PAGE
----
What you need to know about being a Language Assistant

From the hours you spend anxiously booking your flights to the days (or weeks) you spend struggling to find a place to live, moving abroad is a stressful process. You’re thrown into the deep end from day one, surrounded by new people, an unfamiliar culture, and a language that you likely don’t understand. You’ll be confused, overwhelmed, and, at first, wondering why you got on that plane.

The stress of moving abroad can make applying to the Laguage Assistant Programme feel like huge risk. But, as someone who spent 2 years as a Language Assistant in Madrid, I promise you, it’s worth it. Before you take the plunge and fill in your application, here’s everything I wish I’d known before I started the programme.

1) The Language Assistant Programme will change your life

Being an Auxiliar de Conversación cemented my love for Spain and all of its different cultures. Even if, like me, you decide teaching isn’t your thing, this is an opportunity to live in Spain while earning enough money to support yourself.

Yes, this was just one person’s experience, and yours will no doubt be different. I do, however, think it’s interesting to look at what the other Language Assistants in my city ended up doing years later:

Of the six Language Assistants in Madrid that I met while living there:

  1. Two still live in Madrd
  2. A third auxiliar de conversación is married to a Juan, a lovely guy from Madrid
  3. Two are still teaching English
  4. Four are still involved with education
  5. One works in business and uses his Spanish with clients. 

2) As an English Language Assistant, you must embrace (or at least accept) uncertainty

During your time as a Language Asssiant, more often than not it can be difficult to understand exactly what’s going on, even if you have an advanced level of Spanish like I did.

While this helped me build tremendous empathy for my own students, who likewise struggled to understand English, it was also incredibly frustrating at times. After all, it’s not something you can just instantly fix (i.e., “okay- I’m just going to start understanding everything now”).

I promise it will get better and that your understanding of Spanish culture will grow exponentially. Keep reading, watching TV, listening to the radio, talking with your friends, and speaking. Most importantly, don’t stress! You’re not expected to being a Spanish Native by spending 8 months living in Spain, but you will learn a thing or two!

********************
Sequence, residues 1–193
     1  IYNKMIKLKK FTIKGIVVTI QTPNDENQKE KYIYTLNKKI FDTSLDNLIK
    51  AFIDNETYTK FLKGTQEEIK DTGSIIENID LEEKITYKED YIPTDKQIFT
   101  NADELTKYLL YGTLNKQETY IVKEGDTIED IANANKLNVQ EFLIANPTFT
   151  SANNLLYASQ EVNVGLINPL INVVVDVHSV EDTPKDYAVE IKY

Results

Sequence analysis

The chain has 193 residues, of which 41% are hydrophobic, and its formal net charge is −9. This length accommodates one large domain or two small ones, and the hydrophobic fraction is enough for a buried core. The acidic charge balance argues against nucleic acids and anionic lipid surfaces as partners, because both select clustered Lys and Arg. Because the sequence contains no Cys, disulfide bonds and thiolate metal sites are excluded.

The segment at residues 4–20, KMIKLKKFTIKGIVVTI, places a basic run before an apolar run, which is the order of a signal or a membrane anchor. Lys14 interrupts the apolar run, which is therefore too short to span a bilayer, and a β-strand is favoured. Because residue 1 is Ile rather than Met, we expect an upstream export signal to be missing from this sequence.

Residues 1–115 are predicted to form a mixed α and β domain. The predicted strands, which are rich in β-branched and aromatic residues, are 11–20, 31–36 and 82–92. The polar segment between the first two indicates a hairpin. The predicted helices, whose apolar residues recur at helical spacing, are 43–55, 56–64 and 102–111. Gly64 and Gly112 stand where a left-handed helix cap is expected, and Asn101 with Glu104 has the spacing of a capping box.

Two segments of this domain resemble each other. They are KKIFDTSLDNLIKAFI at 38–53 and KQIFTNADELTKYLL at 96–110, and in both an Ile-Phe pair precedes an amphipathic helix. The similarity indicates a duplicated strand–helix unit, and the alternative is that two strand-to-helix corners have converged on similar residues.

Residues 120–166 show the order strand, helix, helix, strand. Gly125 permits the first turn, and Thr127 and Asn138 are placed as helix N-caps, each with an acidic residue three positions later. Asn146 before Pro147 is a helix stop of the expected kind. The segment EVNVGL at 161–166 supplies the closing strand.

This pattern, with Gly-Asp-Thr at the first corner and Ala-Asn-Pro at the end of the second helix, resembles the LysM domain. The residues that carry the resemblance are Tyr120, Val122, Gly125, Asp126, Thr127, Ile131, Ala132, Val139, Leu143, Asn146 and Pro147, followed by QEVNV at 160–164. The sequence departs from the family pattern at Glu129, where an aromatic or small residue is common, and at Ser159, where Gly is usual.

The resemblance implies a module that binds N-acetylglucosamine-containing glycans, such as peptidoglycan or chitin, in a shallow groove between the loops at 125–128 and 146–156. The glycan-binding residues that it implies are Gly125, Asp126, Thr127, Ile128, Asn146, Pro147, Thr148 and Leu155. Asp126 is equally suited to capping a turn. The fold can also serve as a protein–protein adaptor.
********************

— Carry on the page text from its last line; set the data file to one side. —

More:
3) Being a Language Assistant will greatly improve upon your single-story of Spain

(If you aren’t familiar with the term “single-story,” watch this TED talk.) Before I studied Spanish, I knew that all Spaniards had dark hair, ate paella, lived in Barcelona, and danced flamenco. My first day in Madrid immediately broke many of these stereotypes: 

  • Why is that pig ear in my paella? One of the first gross words I learned was “casqueria” (entrails) as in “arroz a la zamorana lleva casquería en lugar de marisco.”
  • Barcelona isn’t really as Spanish as you once thought.
  • Baile folklórico is not flamenco.

Be prepared to learn the ins and outs of Spanish Culture. Living somewhere and meeting people with distinct cultures and backgrounds to your own will truely open your eyes to how uniquely surprising and beautful this medeteranian country really is.

4) This is the easiest way for you to test the waters when it comes to teaching

What do I mean by “easy”? ” YOU’RE TRAVELING TO SPAIN! Well, yes. But, you aren’t paying £9,000 to get your PGCE for a year while student teaching for only a limited time during the second semester.

You’re dropped in the deep end on day 1. As a Language Assistant you can try out loads of different teaching techniques & ideas on an audience. Why? Because your students are typically really excited to see you. So, find an AWESOME activity you’d like to try out to see if it works. You’ll always have the support of your fellow teachers; you’ll find they don’t expect you to be a perfect teacher by no means. So don’t be afraid to experiment, try new things, and get stuck in!

But, you also don’t need to come up with lessons when you don’t want to—because, as the contract says, you’re technically just there helping out. Not every lesson was a home run…or a base hit for that matter. But it is so satisfying to see students “get it” after an activity that you put together yourself.  

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